Signs of adult autism: What is the life of an adult autistic? (Part 1)

There is lot of imaginations of adult autism. Actually, it is really difficult to describe an adult autistic, just as it is difficult to classify the disease itself. Charles is an autistic, is 22 year old and does not speak though he can. His will is to communicate using the computer keyboard. He is an adult autistic who, with the help of parents and therapists, finds himself in the world around him.

Adults with autism are rarely associated. Many of us, thinking of autism, see the child’s imagination as a smart, but socially maladjusted, often even small genius who does not care about the world around him, locked in his shell. But did any of us wonder what happens when a child grows up? Remember the movie Rain Man – an autistic person played by Dustin Hoffman? A genius who solves complicated mathematical tasks in memory, but at the same time is confused and clumsy as well ? Few people can answer the question: How are adult autistic living? And maybe rightly because those who live with autism know that there is no single answer to this question. With autism spectrum disorders is like with colors – not just that there are plenty of them, yet each of them has a whole palette of shades. How many autistics, so many problems. There is one thing we know for sure: there are no two same autistic people, says Elisabeth, mother of 22-year-old Charles.
I do not speak, I prefer to write on the computer
If Charles spoke, he could introduce the words, “Hi, I’m Charles and I have autism.” But Charles will not say so. He does not speak since a child. Not because he cannot. He does not speak because he does not want to. A few years ago, Charles felt the need to communicate with the world. The boy sits down at the computer and – regardless of orthography or grammar – writes. “When he was few months, I noticed that my son was not looking at me at all, and when I took him in my arms, he did not hug. I had two older children already and I knew something was wrong” says Elizabeth. They took him to visit the doctor. He calmed the parents that he is premature (he was born in the eighth month of pregnancy) and everything will come to normal soon enough. But it did not arrive.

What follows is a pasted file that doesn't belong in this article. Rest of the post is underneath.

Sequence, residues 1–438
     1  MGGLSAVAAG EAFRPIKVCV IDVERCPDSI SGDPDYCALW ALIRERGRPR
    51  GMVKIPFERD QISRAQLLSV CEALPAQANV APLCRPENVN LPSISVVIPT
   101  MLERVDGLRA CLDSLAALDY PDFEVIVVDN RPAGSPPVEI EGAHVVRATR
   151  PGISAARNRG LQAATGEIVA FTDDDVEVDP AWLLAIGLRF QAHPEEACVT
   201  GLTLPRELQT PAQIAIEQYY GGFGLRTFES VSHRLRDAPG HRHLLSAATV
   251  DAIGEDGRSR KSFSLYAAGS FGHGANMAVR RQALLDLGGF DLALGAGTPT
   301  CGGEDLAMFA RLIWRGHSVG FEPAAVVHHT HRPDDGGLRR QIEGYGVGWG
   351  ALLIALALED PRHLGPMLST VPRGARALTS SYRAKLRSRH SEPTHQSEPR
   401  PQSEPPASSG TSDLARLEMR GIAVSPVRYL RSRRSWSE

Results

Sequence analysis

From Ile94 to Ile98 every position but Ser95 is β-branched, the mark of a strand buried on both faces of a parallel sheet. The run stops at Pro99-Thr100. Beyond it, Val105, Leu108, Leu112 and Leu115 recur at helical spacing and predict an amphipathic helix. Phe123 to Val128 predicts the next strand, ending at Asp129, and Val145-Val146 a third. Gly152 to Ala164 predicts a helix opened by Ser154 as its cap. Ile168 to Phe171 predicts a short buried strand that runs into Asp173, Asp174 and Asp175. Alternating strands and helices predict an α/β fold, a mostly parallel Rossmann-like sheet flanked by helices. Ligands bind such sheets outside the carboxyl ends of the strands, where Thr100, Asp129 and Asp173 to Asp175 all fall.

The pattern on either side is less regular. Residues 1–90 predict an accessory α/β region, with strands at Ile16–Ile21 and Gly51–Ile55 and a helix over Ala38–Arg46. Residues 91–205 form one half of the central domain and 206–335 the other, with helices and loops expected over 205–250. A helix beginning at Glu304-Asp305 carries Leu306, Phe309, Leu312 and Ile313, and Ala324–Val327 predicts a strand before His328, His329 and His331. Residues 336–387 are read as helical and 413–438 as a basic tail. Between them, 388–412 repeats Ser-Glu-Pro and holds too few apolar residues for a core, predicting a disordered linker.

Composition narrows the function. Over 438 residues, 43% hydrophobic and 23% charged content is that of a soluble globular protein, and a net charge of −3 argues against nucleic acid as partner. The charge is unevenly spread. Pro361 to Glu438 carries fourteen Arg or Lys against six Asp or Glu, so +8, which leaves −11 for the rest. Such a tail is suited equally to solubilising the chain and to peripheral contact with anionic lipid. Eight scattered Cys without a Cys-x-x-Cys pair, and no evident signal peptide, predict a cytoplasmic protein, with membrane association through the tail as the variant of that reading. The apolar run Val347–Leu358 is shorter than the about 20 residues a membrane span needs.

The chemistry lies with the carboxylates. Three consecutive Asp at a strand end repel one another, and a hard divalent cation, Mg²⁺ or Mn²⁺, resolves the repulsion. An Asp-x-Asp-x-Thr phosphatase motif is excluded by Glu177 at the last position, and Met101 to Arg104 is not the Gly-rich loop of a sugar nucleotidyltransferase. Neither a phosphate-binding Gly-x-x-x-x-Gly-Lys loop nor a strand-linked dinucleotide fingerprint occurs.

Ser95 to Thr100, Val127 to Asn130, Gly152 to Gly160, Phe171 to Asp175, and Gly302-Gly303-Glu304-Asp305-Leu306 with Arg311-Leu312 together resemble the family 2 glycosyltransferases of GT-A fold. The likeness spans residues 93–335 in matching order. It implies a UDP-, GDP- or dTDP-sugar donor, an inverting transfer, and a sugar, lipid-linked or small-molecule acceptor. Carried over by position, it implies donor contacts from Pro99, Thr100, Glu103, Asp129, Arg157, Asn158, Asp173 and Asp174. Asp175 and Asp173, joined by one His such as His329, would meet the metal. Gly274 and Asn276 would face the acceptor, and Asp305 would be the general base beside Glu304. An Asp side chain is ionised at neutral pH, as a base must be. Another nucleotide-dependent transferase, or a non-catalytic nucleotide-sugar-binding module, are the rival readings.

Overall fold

“When he was eight months old, he looked like a deaf child, playing only with rolling the jars. Well, it came to this self aggression. He rubbed his hands on his head or hit her on the floor or walls” recalls the mother. 
“It was in early 1990’s, the first neurologist said that Charles had severe mental retardation, that he would no more grow up and he would end up in a closed asylum. I remember those words today ” recalls Elizabeth. There was a real collapse. 

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